Charm City Challenge canceled

Lack of sponsor sidelines all-star game

February 08, 2010|By Kevin Van Valkenburg | Baltimore Sun reporter

This year was supposed to be the 10th anniversary of the Charm City Challenge, the annual boys high school all-star basketball game that pits the top talent in Maryland against some of the country's elite recruits.

That anniversary will not be celebrated, however, as organizers announced Monday that the event, scheduled to take place in April at the Towson Center, has been canceled because a corporate sponsor could not be found this year.

Converse, which had sponsored the event in recent years, providing jersey and shoes and other amenities, decided it could not renew its partnership in this troubled economy, said Lee Corrigan, president of Corrigan Sports Enterprises, the event's organizer.

The shoe company is in the process of putting together a new marketing plan, Corrigan said, and was not ready to commit to its plan for the Baltimore-Washington region yet. A message left Monday night with Converse's media relations department was not returned.

"It's a tough situation, because we really felt like the event had become entrenched in the city of Baltimore," Corrigan said. "I feel like it's especially tough that it had to happen this year because we have six or seven high-level Division I kids in the city, and there is probably a Carmelo Anthony in the bunch. It's a shame."

The game, which drew a crowd of close to 3,000 in recent years, had been an opportunity for Maryland Terrapins fans to get their first look at a number of recent recruits. Greivis Vasquez, Eric Hayes, James Gist, D.J. Strawberry, Sean Mosley, Jordan Williams and Chris McCray all participated in past years. Five current NBA players also played in the contest: Dante Cunningham, Portland Trail Blazers; Josh Boone, New Jersey Nets; Jarrett Jack, Toronto Raptors; Jack McClinton, San Antonio Spurs; and Dajuan Summers, Detroit Pistons.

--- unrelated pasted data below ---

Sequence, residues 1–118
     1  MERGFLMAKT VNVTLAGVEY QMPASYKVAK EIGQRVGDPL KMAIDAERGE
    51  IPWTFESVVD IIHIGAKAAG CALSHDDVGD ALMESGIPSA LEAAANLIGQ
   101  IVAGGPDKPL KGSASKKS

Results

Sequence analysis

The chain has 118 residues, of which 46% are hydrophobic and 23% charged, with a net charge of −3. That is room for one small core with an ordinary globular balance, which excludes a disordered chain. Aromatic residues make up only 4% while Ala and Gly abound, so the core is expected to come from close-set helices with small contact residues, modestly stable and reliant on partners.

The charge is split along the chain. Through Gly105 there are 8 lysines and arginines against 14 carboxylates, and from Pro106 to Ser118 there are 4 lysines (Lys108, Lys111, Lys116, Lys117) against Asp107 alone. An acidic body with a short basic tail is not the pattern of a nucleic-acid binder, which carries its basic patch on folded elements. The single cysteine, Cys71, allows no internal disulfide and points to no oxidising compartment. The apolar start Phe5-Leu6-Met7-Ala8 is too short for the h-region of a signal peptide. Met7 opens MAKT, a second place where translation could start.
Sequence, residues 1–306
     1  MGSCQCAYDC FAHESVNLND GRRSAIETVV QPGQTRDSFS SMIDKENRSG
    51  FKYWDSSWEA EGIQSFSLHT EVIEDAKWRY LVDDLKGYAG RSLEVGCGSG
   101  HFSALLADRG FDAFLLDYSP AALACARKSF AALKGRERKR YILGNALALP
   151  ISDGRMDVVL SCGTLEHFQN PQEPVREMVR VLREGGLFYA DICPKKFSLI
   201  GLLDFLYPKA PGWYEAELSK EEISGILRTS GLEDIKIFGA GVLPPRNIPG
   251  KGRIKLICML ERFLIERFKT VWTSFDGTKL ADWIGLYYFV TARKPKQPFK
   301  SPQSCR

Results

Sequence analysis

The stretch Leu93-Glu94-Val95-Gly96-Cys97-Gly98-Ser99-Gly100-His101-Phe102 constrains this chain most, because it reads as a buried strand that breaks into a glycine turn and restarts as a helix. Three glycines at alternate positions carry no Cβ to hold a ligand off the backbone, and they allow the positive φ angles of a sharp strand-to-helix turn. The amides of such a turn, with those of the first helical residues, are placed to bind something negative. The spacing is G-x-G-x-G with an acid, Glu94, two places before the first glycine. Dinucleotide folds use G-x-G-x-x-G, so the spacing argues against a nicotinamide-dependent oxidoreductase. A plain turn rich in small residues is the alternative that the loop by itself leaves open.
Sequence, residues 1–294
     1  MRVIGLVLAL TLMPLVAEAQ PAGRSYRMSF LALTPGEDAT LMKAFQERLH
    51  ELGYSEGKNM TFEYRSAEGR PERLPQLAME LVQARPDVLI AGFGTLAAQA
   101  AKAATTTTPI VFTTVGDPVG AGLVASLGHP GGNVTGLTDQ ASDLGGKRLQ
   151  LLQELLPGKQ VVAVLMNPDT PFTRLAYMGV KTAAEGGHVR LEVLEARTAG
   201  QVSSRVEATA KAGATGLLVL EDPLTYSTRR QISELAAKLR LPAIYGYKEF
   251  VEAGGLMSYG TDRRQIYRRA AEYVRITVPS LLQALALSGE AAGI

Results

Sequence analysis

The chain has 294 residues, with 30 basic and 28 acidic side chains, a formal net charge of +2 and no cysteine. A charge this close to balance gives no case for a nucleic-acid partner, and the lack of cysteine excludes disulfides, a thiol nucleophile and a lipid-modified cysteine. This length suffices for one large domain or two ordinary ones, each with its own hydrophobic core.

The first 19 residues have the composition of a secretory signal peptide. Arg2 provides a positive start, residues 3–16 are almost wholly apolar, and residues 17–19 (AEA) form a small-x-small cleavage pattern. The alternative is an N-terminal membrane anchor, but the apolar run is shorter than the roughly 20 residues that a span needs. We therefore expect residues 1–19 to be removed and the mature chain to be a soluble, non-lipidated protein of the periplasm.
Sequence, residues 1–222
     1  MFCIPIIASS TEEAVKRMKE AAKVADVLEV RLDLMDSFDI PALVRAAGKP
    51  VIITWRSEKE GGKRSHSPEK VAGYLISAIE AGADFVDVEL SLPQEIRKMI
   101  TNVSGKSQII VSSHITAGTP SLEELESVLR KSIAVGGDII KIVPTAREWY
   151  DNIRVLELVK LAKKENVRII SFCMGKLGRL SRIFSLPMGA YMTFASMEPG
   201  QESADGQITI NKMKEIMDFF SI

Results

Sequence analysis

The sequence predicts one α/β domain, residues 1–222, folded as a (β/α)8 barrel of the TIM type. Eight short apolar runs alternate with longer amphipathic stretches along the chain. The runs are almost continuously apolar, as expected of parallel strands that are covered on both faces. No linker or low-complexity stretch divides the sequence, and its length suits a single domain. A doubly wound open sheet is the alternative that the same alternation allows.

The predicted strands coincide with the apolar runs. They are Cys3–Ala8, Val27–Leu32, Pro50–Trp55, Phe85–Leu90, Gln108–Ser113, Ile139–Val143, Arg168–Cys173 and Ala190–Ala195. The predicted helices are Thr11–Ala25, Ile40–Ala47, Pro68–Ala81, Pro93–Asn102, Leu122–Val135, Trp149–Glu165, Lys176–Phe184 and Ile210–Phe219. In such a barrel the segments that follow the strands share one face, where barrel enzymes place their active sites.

The event also has the distinction of having an alumnus participate in each of the past eight NCAA Final Fours.

"It was a great game that had really started to build momentum," Corrigan said. "Around this time every year, my phone would be ringing and it would be college basketball coaches saying, 'Can you make sure my recruit gets in the game?' It was really gaining traction. We were very fortunate to have a title sponsor like Converse giving us gear and sneakers and covering a big chunk of the expenses. But it's a sign of the times when you see events like this going down."

Radio stations 92Q and WNST were also listed as previous sponsors on the event's Web site, as well as MASN, Marriott, Spalding, Chipotle and Pepsi, but Corrigan said several of those were nominal sponsorships or media trade deals.

"I hope maybe a new sponsor will step up [next year]," Corrigan said. "It was always a lot of fun to see the national team come in every year feeling overconfident, and the Baltimore kids would beat up on these highfalutin recruits. It kind of spoke to the tradition here. They felt like they were protecting the honor of Baltimore basketball."

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